EECS Special Seminar: Alex High (Harvard University) - "Tailoring the flow of light at the nanoscale with hyperbolic metasurfaces"

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Event Speaker: 

Alex High

Event Location: 

Grier A, 34-401A

Event Date/Time: 

Monday, February 29, 2016 - 3:00pm

Abstract:
 
Metamaterials offer unprecedented control of the flow of light at nanoscale dimensions. However, three-dimensional (3D) metamaterials suffer from extreme optical losses, limiting their practical utility. Two-dimensional (2D) metasurfaces and, in particular, hyperbolic metasurfaces (HMSs) for propagating surface plasmon polaritons have been predicted to feature much lower loss while still exhibiting optical phenomena akin to those in 3D metamaterials. In this seminar, I will present our experimental realization of a visible-frequency HMS using single-crystalline silver nanostructures defined by lithographic and etching techniques. The resulting devices display the hallmark properties of metamaterials, such as negative refraction and diffraction-free propagation. Moreover, HMSs exhibit strong, dispersion-dependent spin-orbit coupling, enabling polarization- and wavelength-dependent routing of SPPs. Crucially, the low-loss, 2D nature of our devices results in a substantial, orders of magnitude improvement over 3D metamaterials in terms of optical loss. In an outlook, I will discuss how HMSs can be used for enhancing interactions of SPPs with quantum emitters — a new pathway for realizing solid-state single-photon nonlinear optical circuits.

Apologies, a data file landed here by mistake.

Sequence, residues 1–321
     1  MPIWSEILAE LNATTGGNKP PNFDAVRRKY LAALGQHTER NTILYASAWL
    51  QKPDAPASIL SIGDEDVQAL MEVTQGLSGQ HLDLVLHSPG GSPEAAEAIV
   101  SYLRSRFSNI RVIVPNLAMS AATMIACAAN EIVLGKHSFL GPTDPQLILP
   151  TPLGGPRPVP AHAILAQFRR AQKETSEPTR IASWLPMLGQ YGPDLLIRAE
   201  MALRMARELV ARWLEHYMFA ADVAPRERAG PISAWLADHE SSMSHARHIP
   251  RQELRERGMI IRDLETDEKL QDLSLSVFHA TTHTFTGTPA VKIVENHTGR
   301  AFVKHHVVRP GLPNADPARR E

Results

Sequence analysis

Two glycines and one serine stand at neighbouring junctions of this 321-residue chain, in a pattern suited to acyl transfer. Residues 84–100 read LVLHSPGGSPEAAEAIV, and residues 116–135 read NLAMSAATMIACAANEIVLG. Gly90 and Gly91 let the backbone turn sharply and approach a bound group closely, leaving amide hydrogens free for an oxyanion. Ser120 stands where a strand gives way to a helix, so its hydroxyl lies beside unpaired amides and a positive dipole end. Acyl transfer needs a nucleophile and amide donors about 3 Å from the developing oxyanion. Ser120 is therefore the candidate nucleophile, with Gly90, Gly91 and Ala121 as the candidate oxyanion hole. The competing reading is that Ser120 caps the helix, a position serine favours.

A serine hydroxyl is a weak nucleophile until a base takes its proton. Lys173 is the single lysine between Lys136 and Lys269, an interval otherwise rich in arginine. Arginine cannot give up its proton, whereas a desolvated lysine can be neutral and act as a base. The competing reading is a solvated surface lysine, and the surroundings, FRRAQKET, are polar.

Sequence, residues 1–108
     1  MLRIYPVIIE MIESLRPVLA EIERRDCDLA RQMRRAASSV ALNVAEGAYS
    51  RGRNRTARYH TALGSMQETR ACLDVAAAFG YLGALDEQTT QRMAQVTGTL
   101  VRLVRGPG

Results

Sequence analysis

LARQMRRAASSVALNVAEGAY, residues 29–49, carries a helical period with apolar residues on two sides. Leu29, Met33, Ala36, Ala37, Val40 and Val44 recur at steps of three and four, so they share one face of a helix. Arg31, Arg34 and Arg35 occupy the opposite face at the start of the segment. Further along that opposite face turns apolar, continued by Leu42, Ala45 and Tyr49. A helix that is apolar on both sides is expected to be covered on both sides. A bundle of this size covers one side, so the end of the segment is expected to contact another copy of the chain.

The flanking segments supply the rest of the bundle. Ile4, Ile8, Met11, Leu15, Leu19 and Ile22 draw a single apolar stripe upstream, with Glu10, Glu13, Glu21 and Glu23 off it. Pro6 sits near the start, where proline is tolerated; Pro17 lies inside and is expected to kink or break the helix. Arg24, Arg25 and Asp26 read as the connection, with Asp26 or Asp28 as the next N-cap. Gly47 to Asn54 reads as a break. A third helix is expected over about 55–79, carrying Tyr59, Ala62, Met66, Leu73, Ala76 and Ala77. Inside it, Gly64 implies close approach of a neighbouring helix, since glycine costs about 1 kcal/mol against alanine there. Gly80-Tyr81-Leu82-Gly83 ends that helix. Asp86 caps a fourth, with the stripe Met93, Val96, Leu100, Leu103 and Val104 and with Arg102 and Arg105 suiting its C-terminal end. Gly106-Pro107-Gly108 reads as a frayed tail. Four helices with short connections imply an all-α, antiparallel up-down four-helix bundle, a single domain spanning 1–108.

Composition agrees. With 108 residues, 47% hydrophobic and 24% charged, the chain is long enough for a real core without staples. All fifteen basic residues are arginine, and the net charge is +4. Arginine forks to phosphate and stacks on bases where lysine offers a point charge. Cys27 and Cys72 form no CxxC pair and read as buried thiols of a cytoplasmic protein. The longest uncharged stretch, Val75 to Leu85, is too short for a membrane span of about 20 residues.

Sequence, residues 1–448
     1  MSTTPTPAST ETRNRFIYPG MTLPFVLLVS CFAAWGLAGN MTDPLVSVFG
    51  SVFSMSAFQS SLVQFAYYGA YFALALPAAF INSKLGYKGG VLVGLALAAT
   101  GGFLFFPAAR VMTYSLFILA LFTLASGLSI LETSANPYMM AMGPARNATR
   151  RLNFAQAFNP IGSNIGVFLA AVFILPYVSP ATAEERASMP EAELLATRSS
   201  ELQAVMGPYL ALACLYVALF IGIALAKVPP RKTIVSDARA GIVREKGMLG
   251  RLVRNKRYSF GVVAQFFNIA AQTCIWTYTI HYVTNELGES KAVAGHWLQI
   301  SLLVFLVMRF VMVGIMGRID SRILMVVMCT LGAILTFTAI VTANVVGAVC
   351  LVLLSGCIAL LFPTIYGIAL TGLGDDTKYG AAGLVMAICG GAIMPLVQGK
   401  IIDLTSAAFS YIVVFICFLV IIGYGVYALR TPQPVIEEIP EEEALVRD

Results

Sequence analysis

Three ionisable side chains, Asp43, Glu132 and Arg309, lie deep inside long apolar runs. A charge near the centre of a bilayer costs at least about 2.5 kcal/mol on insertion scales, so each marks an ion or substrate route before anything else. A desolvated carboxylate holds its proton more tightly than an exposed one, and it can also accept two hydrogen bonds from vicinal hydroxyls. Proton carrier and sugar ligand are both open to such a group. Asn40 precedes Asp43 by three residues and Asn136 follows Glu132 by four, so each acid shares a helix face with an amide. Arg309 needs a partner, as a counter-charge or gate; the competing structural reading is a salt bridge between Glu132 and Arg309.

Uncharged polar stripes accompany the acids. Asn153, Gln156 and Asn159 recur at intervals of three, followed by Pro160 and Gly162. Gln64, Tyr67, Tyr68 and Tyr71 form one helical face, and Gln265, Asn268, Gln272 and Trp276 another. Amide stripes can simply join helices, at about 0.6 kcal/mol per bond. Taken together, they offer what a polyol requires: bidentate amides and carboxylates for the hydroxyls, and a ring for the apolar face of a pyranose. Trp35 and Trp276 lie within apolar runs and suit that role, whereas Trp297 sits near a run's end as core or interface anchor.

Bio:
 
Alex received a B.S. in Physics from the University of Pennsylvania in 2004 and a Ph.D. in Physics from the University of California, San Diego in 2012. He is currently a postdoctoral fellow in the group of Professor Hongkun Park at Harvard University. While at UCSD in the group of Professor Leonid Butov, he studied the low-temperature physics of indirect excitons in coupled quantum wells GaAs quantum wells while also developing excitonic optoelectronic devices. At Harvard, he is currently investigating pathways to couple solid-state optical emitters to high quality plasmonic systems as well as exploring the physics and optoelectronic possibilities of 2D monolayer optical materials.